Twice a year, in spring and fall, teachers submit proposals for projects they would like to implement in their classrooms that will have an impact on students and challenge the students in new ways, he said.

The makerspace project would enhance the high school’s already-successful robotics program, said Barber, which allows students to build various devices that they bring to robotics tournaments. In November, Cape Elizabeth High School hosted the first Southern Maine VEX Robotics Competition of the season where a three-person team from the high school won the design award and qualified for the Maine State VEX Championship in February.

“It allows students to get very hands-on while relating to ideas or concepts they could be covering in any range of classes or programs,” said Barber of the makerspace concept. “There’s tremendous upside and potential.”

According to its website, the education foundation has awarded almost $1.1 million in grants since it was established in 2002. This past summer, with a $28,000 grant from the education foundation, the middle school was able to convert its outdated library into a more flexible space with updated technology following a “learning commons” model.

Kelly Hasson, principal at Pond Cove Elementary School, said her $6,500 grant would enable first graders to participate in a variety of projects surrounding Cape Elizabeth’s history. As part of an interdisciplinary study, students will take a field trip to Portland Headlight and museum at Fort Williams Park in April to interview a former lightkeeper and gain a greater understanding of Cape’s natural marine resources.

Artist-in-residence Sarah Herboldsheimer will work with the students to create a replica of Portland Headlight surrounded by three-dimensional tidal pools that will be unveiled during the school’s annual Arts Day on May 29 as part of the town’s 250th anniversary celebration. Also in May, Carol Stiengart of Coast Encounters in Wells will teach the students about intertidal pools by bringing a “touch tank” of live sea creatures to the school, said Hasson.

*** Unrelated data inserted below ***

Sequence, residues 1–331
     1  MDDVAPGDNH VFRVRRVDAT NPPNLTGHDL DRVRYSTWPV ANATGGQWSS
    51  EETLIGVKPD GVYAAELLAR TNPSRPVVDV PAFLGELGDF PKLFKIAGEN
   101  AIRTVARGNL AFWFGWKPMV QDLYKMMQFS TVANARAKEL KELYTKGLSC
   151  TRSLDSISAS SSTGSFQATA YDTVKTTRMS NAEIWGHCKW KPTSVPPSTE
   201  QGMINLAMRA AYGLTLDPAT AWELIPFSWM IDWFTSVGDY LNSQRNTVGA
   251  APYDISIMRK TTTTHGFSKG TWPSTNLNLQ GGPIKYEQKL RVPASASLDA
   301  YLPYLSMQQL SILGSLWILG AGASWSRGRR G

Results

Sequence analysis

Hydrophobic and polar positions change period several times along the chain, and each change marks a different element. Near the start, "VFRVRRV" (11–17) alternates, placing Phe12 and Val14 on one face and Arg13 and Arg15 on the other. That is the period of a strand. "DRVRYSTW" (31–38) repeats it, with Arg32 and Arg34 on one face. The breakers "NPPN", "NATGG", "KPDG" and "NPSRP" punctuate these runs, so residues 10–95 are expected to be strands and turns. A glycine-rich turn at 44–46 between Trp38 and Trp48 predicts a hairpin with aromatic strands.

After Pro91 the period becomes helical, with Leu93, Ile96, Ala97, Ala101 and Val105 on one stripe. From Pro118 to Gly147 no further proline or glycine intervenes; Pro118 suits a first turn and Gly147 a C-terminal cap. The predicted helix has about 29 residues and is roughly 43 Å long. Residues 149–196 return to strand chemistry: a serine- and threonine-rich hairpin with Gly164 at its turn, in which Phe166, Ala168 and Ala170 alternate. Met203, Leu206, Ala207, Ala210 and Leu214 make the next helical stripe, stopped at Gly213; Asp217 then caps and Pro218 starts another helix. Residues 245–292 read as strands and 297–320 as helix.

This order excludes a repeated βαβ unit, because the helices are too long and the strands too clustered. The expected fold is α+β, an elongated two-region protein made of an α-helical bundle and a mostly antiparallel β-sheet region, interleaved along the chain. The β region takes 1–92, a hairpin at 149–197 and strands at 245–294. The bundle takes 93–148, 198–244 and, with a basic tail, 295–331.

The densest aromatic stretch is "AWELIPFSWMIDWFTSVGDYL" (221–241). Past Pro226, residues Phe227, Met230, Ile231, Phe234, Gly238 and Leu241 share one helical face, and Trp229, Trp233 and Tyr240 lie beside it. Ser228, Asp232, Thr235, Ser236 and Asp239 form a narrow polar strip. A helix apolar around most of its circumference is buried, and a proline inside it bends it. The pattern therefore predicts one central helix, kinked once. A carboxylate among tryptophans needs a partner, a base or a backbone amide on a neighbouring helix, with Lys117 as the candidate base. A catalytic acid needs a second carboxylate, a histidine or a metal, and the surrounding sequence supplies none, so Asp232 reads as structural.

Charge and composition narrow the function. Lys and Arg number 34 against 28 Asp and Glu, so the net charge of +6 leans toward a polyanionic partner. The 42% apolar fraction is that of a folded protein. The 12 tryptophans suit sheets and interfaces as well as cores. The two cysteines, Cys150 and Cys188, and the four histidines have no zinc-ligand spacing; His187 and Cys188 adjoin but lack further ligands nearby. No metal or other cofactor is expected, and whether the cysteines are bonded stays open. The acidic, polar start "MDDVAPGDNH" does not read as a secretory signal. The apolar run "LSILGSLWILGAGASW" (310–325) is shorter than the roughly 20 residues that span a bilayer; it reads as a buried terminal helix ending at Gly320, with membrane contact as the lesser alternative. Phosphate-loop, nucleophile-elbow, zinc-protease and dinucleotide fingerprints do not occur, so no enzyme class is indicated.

According to Hasson, the education foundation and the Pond Cove Parents Association provided matching grants of $7,500 for a total of $15,000 to third and fourth-grade students to create a permanent mural installation in the Pond Cove lobby and give theatrical performances about Cape Elizabeth’s history to commemorate the town’s 250th anniversary.

“We want all of our students to learn of Cape’s rich history and connection to the sea throughout the years,” she said. “We are extremely grateful for their support, and, as a school, are ecstatic to have our students provided with the opportunity to participate in this once-in-a-lifetime celebration of their town’s history.”

Barber said the foundation was particularly impressed with “how Kelly involved all the first-grade teachers to build a cohesive concept they could fit into their curriculum,” and expand on.

“The (grant) process is so much fun for the board because every (budget) cycle we get a view into incredible creativity and passion that the teachers bring to their daily work,” he said. “It’s exciting to think about where these grants could go and the different experiences they are opening up to the kids.”